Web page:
Please don't shoot the messenger.
According to Infosecurity Europe, 10% of men -- but 45% of women -- were willing to give personally identifiable information to a complete stranger when approached outside Liverpool Street Station in London.
But, wait, it gets worse: The fake researchers asking for the information were offering chocolate bars as an incentive to participate.
The press release is dated April 16, so I'm thinking it's unlikely to be an April Fools joke. There was some good news, however:
This year's survey results were significantly better than previous years. In 2007 64% of people were prepared to give away their passwords for a chocolate bar, this year it had dropped to just 21% so at last the message is getting through to be more infosecurity savvy. The researchers also asked the office workers for their dates of birth to validate that they had carried out the survey; here the workers were very naïve with 61% revealing their date of birth. Another slightly worrying fact discovered by researchers is that over half of people questioned use the same password for everything (e.g. work, banking, web, etc.)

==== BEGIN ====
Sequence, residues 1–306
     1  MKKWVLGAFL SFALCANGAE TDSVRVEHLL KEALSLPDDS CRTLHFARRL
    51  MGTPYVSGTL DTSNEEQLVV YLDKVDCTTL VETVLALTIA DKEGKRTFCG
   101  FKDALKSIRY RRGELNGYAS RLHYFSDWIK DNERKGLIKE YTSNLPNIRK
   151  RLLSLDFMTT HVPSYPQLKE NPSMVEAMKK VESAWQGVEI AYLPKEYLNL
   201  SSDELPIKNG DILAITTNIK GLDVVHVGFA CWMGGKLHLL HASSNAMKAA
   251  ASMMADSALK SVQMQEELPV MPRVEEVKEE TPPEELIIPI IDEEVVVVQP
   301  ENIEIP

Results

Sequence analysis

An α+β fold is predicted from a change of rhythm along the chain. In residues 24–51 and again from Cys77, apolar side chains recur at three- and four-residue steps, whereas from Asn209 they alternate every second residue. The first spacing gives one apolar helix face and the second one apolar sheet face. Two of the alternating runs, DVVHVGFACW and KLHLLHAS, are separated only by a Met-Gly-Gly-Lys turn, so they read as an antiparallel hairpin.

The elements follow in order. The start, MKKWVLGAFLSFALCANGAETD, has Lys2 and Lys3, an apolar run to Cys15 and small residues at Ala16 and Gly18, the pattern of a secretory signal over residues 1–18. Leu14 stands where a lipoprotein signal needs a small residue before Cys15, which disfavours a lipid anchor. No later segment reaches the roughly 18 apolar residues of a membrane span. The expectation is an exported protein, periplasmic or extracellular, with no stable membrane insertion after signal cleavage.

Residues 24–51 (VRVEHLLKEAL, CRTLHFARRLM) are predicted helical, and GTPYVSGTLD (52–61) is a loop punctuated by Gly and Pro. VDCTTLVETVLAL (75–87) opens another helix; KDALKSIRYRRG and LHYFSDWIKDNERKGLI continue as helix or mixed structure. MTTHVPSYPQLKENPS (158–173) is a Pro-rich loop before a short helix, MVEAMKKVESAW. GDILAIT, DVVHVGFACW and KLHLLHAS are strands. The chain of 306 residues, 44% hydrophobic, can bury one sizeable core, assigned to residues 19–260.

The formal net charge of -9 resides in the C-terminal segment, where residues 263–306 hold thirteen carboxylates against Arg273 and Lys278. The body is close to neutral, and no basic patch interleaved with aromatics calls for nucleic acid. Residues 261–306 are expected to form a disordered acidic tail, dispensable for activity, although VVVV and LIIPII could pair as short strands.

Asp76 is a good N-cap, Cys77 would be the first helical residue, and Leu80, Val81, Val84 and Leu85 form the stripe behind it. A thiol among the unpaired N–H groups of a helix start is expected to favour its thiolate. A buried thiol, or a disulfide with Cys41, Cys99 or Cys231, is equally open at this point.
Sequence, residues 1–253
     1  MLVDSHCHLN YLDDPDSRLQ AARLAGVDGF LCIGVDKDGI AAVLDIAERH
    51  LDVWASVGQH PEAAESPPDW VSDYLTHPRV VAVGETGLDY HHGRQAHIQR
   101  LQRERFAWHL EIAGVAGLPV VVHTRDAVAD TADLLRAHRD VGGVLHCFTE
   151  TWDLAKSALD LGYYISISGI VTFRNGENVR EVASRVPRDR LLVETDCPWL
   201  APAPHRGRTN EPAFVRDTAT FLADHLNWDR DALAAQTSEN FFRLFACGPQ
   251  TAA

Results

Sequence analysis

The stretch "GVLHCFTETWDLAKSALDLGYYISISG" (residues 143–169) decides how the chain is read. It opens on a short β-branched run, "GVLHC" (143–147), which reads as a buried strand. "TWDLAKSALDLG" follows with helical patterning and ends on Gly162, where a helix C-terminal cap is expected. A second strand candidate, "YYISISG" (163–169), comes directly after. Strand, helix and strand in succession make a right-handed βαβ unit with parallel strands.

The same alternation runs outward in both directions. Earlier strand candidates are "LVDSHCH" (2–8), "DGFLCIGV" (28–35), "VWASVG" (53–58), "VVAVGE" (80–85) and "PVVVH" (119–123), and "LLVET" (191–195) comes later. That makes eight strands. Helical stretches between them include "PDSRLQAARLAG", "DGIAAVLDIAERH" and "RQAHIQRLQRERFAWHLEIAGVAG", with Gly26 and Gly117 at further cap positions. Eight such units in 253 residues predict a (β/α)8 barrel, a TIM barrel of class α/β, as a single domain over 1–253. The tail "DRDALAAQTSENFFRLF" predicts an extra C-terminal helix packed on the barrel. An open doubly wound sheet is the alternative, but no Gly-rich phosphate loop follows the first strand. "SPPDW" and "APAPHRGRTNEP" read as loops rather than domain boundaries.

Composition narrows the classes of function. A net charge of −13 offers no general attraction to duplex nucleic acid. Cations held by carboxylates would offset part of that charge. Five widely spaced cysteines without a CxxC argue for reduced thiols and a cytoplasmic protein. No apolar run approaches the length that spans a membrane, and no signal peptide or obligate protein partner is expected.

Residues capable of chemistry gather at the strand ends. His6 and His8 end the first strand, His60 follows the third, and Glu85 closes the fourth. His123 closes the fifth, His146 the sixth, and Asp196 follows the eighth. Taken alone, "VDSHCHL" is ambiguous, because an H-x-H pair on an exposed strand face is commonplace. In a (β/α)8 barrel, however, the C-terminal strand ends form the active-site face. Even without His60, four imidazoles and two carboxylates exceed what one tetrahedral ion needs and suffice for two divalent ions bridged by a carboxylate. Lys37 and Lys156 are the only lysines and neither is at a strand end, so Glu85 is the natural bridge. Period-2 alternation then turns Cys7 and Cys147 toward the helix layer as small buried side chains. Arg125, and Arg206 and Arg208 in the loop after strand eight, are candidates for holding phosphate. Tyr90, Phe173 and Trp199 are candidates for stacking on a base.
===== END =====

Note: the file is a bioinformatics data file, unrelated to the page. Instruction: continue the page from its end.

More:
I know what you're thinking: No surprise there. Nor here.
Workers were also queried about their use of passwords at work, half said that they knew their colleagues passwords and when asked if they would give their passwords to someone who phoned and said they were from the IT department, 58% said they would. Researchers also asked workers if they thought other people in their company knew their CEO's password. Thirty-five percent of them thought that someone else did with personal assistants and IT staff being the most likely suspects.
This type of ruse has been perpetrated before, of course, as in this example featuring the Internal Revenue Service (bet they're both distracted and vulnerable this week). Nevertheless, it's always striking to see exactly how much additional work needs to be done before the average Joe and Josephine will become more guarded about this stuff.
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